Experts warn of e-mail-bombing campaigns

Pro

28 August 2006

Despite the recent media furore created by the conviction of teenager David Lennon for e-mail-bombing his ex-employer, he was a “rank amateur” and firms should be prepared for more sophisticated and insidious attacks, say security experts.

Lennon, 19, was convicted under UK’s Section 3 of the Computer Misuse Act of bringing down the e-mail server of UK insurer Domestic & General in 2004 by sending five million e-mails reading ‘You will die in seven days’, a quote from The Ring.

Domestic & General claimed that the attack cost the company £30,000 (€44,400) in lost business. 

 

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Although Lennon could have received a five-year jail sentence under the Act, the judge handed down a two-month curfew and an electronic tagging order.

Some observers believe that Lennon got off lightly. But so did his employer, according to security experts who deal with increasingly sophisticated e-mail-bombing and denial of service (DoS) attacks and theft of intellectual property and personal data by insiders.

“[Lennon’s] attack was relatively simple: it would have come from a single IP address making it easy to block and easy to identify where it came from,” said Matt Sergeant, senior anti-spam technologist at security firm Messagelabs

Lennon used a commercial mass-e-mail package called Avalanche. The software is no longer available but was used legitimately by electronic direct mail agencies.

Even though he spoofed the e-mail addresses of employees of Domestic & General and Microsoft chairman Bill Gates, tracing the sending IP address was a relatively easy task. 

Modern mail-bomb and DoS attackers are professional cyber-criminals who rent zombie networks from black-hat hackers, launching concerted attacks from multiple IP addresses using innocent PCs infected with Trojans.

Sergeant said that he has seen networks of 10,000 zombie PCs offered for as little as £50 (€74) a day.

Targeting web-dependent businesses, the criminals then extort money by offering to cease the attack if the company pays a protection fee.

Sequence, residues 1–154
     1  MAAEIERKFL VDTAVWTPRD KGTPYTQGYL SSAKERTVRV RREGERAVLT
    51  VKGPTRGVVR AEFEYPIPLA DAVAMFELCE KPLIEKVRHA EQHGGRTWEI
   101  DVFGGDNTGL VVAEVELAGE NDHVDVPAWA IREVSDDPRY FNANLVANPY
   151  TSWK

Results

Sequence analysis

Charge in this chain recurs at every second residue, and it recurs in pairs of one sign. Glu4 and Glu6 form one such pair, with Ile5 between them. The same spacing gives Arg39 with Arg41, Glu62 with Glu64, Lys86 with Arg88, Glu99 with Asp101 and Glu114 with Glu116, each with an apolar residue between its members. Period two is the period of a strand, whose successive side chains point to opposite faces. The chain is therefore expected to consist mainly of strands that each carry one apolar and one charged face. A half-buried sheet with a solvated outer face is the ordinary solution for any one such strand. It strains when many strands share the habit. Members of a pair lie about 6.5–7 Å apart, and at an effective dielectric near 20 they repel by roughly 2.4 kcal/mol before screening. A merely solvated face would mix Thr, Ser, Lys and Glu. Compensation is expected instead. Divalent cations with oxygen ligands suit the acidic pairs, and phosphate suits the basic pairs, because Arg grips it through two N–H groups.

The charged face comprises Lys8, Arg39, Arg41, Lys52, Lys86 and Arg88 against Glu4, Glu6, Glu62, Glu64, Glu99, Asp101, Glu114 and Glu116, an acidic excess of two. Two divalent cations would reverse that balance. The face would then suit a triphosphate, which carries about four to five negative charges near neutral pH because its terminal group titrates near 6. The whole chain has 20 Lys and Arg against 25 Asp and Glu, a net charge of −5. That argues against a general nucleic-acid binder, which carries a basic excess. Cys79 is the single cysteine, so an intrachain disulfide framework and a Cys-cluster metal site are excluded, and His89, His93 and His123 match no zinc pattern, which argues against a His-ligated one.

“Often these are small companies that cannot deal with such attacks themselves. They are dependent on their website for their livelihood and so they pay up,” explained Sergeant.

Security software which monitors e-mail connections can only go so far, and companies should also deploy humans to monitor the monitors, looking for e-mail spikes and unusual traffic.

If they cannot afford to employ security personnel directly, this can be outsourced to IT security firms which will perform the task remotely.

However, a bigger risk than external attack by dedicated cyber-criminals or ex-employees is the theft of data by disgruntled current employees, according to Ken Rutsky, executive vice president of worldwide marketing at Workshare

Rutsky recommends the use of security software which helps to enforce network access policies, warning employees that certain actions, such as copying a customer list to a USB data-stick, will be audited automatically.

Such a deterrent could eliminate more than 90% of accidental or malicious data theft, said Rutsky.

However, all security experts warn against over-reliance on technology. Security is a management issue which starts with establishing, communicating and enforcing data access policies.

Lennon’s case has taken so long to reach a conviction because a judge threw it out in November 2005 ruling that, because Domestic & General’s mail server was set up to receive e-mail, Lennon had not abused it by sending e-mail, albeit five million of them in a few hours.

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